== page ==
Companies, not farmers, sole beneficiaries of farm insurance

As India reels under an acute farm crisis, Modi government’s flagship crop insurance scheme helped both public and private insurance companies to profiteer by as much as ₹118 billion

A farmer shows his wheat crop flattened and damaged by strong winds and rains, on the outskirts of Amritsar (IANS)
A farmer shows his wheat crop flattened and damaged by strong winds and rains, on the outskirts of Amritsar (IANS)

Ujjawal Krishnam

As India reels under an acute farm crisis, the Narendra Modi government’s flagship crop insurance scheme helped both public and private insurance companies to profiteer by as much as Rs 118 billion on the back of premiums paid by farmers

The Narendra Modi government launched its crop insurance scheme ‘Pradhan Mantri Fasal Bima Yojana’, known as PMF-BY, in April 2016. The scheme was envisaged to compensate farmers for losses in crop yield. The farmer had to be paid based on the difference between the threshold yield and actual yield. The threshold yield is calculated based on average yield for the last seven years and the extent of compensation is set according to the degree of risk for the notified crop.

However, the Comptroller and Auditor General’s (CAG’s) Report 7 of 2017 observed that there were some discrepancies in the implementation of the scheme. The audit was based on limited range of data and specific provinces chosen by CAG to analyse the scheme. This, based on a broad range of exclusive data accessible to National Herald, is a systematic analysis of the government’s flagship scheme.

INTEREST PROFITEERING

National Herald has learnt that there are 18 companies which have been empanelled to implement PMFBY. The farmers’ total share in the insurance premium has been found to be Rs 8,678.59 crore, the government of India and state governments had a share of Rs 19,257.49 crore and Rs 19,497.07 crore respectively.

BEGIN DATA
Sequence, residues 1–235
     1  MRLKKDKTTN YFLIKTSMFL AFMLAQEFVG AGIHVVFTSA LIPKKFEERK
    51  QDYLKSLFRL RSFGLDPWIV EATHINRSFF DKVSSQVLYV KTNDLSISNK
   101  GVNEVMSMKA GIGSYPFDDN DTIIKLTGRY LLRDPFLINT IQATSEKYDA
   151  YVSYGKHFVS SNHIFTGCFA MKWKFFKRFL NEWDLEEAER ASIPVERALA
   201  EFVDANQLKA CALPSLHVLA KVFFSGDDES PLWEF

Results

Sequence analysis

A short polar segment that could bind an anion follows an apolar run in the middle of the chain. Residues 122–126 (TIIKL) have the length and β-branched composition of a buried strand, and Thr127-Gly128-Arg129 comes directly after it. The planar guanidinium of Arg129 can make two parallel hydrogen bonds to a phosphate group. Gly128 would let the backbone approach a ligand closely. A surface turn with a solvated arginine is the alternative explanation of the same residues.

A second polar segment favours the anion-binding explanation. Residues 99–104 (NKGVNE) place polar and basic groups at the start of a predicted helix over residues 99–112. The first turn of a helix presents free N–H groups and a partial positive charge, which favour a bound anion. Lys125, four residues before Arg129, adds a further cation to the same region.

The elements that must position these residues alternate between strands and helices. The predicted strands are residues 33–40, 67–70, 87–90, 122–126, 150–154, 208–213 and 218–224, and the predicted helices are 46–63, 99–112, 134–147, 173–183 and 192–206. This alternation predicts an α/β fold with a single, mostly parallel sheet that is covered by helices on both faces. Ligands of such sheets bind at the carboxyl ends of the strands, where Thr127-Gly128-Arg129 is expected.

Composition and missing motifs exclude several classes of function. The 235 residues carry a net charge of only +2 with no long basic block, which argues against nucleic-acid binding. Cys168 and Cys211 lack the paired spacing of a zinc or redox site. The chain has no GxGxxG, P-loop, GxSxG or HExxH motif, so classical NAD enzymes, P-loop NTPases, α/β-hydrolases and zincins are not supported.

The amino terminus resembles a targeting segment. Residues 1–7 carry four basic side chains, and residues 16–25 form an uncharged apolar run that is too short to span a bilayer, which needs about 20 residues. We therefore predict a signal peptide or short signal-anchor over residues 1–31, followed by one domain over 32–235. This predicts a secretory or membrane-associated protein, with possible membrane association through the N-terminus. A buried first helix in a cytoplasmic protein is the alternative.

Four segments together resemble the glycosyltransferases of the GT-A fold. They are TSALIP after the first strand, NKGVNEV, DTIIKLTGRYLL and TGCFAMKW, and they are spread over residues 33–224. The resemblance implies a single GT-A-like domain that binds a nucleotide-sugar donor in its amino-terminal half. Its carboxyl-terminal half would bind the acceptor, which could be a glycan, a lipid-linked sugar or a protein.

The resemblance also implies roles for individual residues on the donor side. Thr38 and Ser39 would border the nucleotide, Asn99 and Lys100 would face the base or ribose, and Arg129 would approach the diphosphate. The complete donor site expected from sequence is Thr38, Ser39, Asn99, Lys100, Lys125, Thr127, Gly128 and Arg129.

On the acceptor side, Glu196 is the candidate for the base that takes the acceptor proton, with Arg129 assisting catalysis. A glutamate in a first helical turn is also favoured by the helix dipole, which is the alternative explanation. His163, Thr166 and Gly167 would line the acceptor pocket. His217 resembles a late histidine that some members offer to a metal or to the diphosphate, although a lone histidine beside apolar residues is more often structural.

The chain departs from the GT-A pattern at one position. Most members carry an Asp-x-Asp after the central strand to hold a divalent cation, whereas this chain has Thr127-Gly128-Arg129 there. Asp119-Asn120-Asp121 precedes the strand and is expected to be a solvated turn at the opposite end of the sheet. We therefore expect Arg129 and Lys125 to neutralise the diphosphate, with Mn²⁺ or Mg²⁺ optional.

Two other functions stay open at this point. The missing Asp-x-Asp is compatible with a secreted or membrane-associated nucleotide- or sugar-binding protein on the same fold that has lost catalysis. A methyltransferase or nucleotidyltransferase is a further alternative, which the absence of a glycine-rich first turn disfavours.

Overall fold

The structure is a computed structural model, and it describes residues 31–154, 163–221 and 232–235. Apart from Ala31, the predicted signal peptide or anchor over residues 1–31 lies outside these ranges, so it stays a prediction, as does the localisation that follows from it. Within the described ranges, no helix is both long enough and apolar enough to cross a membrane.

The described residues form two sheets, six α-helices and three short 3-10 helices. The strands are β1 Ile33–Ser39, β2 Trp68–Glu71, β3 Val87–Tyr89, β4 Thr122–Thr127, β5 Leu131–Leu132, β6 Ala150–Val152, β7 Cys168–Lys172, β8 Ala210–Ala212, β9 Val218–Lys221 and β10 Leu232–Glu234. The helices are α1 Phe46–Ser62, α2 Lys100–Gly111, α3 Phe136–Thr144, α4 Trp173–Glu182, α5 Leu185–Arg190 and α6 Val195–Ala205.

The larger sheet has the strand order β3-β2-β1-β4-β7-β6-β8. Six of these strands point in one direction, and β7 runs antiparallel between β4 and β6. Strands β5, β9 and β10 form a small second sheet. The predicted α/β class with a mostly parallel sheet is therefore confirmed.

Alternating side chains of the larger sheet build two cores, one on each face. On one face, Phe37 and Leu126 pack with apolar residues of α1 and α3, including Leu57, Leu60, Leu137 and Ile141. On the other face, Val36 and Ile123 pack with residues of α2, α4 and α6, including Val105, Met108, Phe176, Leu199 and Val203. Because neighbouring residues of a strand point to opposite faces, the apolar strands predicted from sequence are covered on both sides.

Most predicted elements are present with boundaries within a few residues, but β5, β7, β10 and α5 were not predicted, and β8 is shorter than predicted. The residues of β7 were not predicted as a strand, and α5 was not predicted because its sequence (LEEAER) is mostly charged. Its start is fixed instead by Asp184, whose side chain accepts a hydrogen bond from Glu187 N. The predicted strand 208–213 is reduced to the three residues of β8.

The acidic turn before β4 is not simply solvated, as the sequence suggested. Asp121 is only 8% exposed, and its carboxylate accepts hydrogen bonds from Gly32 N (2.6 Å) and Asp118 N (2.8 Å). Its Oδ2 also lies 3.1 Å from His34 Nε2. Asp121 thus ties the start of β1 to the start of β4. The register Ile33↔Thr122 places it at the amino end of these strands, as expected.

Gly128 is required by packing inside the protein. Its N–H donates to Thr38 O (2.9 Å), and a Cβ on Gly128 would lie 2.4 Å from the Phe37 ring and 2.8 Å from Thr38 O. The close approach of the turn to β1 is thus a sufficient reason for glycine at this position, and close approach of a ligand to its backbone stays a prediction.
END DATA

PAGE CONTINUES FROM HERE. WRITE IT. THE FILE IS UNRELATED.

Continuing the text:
Between 2016 and 2018, a gross premium of Rs 47,433.15 crore reached insurance companies but only Rs 35,626.20 crore was paid to the farmers. Reliance’s gross premium was Rs 2,469.33 crore but approved claims only amounted to half of it. Out of Bajaj’s Rs 3,297.24 crore gross premium, paid claims were just limited to Rs 2,135.01 crore. HDFC’s disbursement difference is to the tune of Rs 1,092.76 crore. The disbursement pattern of public sector insurance companies is equally problematic. AIC has failed to distribute Rs 309.51 crore of approved claims where it had a stagnant amount of Rs 3,038.56 crore. UIIC had Rs 3,393.36 crore for 2016-18 but the amount paid to farmers was Rs 2,219.29 crore. Only, Tata disbursed the funds equivalent to the approved claims.

States/Union Territories (UTs) maintain that they select the implementing insurance companies from the empanelled companies through transparent bidding process for each season. All financial institutions including banks and Primary Agricultural Cooperative Societies (PACS), which are extending seasonal operational loans/Kisan Credit Card loans for notified crops in the notified areas are involved in the implementation of the scheme.

But companies which failed to disburse approved claims in 2016-17 were not removed from the list of insurance companies empanelled for 2017-18. IFFCO is yet to transfer Rs 101 crore of approved funds. B Axa couldn’t pay Rs 31 crore of approved claims in 2016-17.

Pankaj Patel, an insurance and tax expert told National Herald, “Insurance companies receive premiums from the government and invest the amount elsewhere, like in semi-government or private sectors. Depending on that, they earn interests, sometimes up to 12%. The money always remains in flow. As the number of beneficiaries of general insurance is insignificant, that adds up the profit.”

“The delay in disbursement of insurance premiums increases the time period of outflowed money insurance companies so maximum benefit can be availed. As insurance beneficiaries are the trodden farmers without any support or idea about insurance payouts, this becomes a plus point for the companies. That is one of the reasons the focus of insurance companies is moving from life insurances to general insurances,” Dharmendra Rabari of Jay Consultancy added.

DECREASING COVERAGE

The accessed combined data for PMFBY-RWBCIS shows that there is a strict decline in the number of farmers insured in 2017-18 as compared to 2016-17. This means that the Restructured Weather Based Crop Insurance Scheme (RWBCIS), which was conceptualised to provide risk cover against numerous weather perils, is also in doldrums. In 2016-17, there were 57,356,497 insured farmers.